Nonconnah – Songs For And About Ghosts

Nonconnah arose from Lost Trail’s blackened ashes, after Denny and Zachary Corsa’s relocation from North Carolina to Memphis, Tennessee. Fans may recognise their segueing set of shoegaze-influenced drones and distinctive lo-fi haze, as the husband-and-wife duo continue to conjure up the spirit of their previous project. Sure, similarities in tone and overall atmosphere exist, but Nonconnah are the product of evolution, and their music is a new step forward.

Fragile slants of brighter light are to be found within Nonconnah’s music, which is sprinkled with pixie dust, turning its music magical thanks to its twines of folk and kaleidoscopic, lo-fi drowsiness. Songs For And About Ghosts is a gorgeous record which constantly twinkles and glimmers with sweetness and light.

Using heavily-processed guitars, field recordings, radio bands, and acoustic instrumentation (banjo, accordion, and mandolin), the four collage-like pieces segue and morph as they move, sometimes rotating, sometimes pausing, but always giving off a radiant beam of prismatic colour. On their third full-length release, Nonconnah are joined by Owen Pallett (of Final Fantasy, The Arcade Fire), and Jenn Taiga, which adds even more of a glint to the record. Radio frequencies and phone-ins are picked up on the shortwave band, and subjects such as subliminal messaging and the presence of chemtrails are woven into light and distant drones. Arpeggiated interludes offer up melodic nectar. Swirling textures are aplenty, and some notes are left to continuously reverse, stuck in a loop, creating a fragile vortex into which the music gloriously slides.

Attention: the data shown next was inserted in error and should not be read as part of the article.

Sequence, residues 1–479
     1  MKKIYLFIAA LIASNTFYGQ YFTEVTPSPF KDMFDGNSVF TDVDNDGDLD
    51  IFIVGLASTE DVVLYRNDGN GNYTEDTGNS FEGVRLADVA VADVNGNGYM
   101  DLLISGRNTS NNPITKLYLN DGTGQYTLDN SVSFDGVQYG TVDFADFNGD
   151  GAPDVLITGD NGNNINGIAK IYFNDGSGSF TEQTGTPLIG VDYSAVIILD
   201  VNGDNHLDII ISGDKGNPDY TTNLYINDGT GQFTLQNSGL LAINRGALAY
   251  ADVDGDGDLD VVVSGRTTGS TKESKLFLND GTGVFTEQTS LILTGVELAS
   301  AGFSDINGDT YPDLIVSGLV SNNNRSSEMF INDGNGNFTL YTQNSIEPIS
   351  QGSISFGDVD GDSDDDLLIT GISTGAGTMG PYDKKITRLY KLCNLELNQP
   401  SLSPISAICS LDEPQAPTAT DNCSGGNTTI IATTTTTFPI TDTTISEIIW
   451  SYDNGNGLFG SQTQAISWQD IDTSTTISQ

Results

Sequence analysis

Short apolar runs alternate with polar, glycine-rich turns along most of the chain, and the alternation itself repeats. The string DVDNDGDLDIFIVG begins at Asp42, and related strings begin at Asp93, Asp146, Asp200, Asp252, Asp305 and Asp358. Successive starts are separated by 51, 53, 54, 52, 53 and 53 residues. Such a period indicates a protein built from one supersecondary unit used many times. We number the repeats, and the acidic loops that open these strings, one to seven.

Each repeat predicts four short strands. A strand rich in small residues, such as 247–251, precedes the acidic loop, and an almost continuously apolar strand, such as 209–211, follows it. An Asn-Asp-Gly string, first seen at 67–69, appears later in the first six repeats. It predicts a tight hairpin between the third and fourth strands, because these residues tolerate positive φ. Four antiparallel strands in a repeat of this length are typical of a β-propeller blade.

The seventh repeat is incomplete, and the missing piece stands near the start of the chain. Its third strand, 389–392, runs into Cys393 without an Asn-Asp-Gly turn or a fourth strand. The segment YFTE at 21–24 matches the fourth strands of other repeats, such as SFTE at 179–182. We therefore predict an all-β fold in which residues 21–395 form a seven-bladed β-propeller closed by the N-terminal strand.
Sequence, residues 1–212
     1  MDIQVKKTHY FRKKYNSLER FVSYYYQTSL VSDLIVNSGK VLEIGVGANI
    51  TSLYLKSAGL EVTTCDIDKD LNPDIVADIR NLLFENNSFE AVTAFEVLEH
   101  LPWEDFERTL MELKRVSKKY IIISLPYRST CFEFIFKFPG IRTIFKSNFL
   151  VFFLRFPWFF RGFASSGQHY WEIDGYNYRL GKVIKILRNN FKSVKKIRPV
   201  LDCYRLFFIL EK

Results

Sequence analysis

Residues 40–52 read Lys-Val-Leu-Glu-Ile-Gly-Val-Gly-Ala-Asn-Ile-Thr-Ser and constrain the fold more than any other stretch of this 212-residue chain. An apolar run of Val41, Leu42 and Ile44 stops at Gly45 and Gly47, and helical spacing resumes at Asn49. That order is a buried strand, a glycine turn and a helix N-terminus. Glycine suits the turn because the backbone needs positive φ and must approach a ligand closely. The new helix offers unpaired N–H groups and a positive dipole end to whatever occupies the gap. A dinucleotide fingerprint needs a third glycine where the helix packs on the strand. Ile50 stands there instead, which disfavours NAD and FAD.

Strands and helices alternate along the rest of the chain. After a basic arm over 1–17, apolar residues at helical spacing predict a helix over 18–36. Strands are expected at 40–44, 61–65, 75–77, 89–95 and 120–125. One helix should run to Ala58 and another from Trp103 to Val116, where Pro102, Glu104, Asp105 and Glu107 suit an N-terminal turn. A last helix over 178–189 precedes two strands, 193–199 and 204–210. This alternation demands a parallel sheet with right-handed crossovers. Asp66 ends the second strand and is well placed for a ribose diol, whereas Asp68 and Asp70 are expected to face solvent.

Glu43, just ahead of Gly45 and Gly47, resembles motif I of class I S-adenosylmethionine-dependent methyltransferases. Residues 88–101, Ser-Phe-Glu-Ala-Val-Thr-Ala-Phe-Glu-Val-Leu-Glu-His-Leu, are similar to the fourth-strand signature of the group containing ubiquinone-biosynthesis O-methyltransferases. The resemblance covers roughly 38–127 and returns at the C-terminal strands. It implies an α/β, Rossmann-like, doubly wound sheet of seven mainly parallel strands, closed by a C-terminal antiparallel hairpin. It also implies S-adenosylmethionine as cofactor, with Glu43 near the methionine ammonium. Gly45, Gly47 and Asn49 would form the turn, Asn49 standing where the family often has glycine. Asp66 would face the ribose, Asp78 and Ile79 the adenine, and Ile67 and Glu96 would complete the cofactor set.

Bright choral song and light drones open up the record with ‘To Follow Us Through Fields Of Lightning’, which begins in a near state of euphoria before transitioning into a mellow sunset of stuttering, garbled electronics and a still-warm melody, albeit breaking up and disintegrating; it’s a more subdued cocktail of gentle psychedelia. This is the calm before the storm, as an ocean of distortion quickly washes everything else away. The wave of grinding overdrive sounds triumphant, too, and why wouldn’t it? It’s capable of devouring anything, and an almost-visible renewal of energy can be felt, sending seismic shockwaves through the music, which jitters with an uncontrolled excitement, and even joy.

Songs For And About Ghosts is able to turn its sound inside-out and upside-down. There’s plenty of diversity to be found while walking through its ever-winding fairy-tale, which feels like the right accompaniment for a Sunday afternoon walk through a springtime forest. But at the same time, there are common themes and tones, giving the record a feeling of stability and uniformity even when experiencing its splashes of ultra-bright colour. They’ve left the ghosts behind, leaving them where they belong, closing the door on the supernatural and the rot of washed-out suburbia while choosing to root themselves in the fields. In doing so, Nonconnah tread upon new soil.

www.ernestjenning.com

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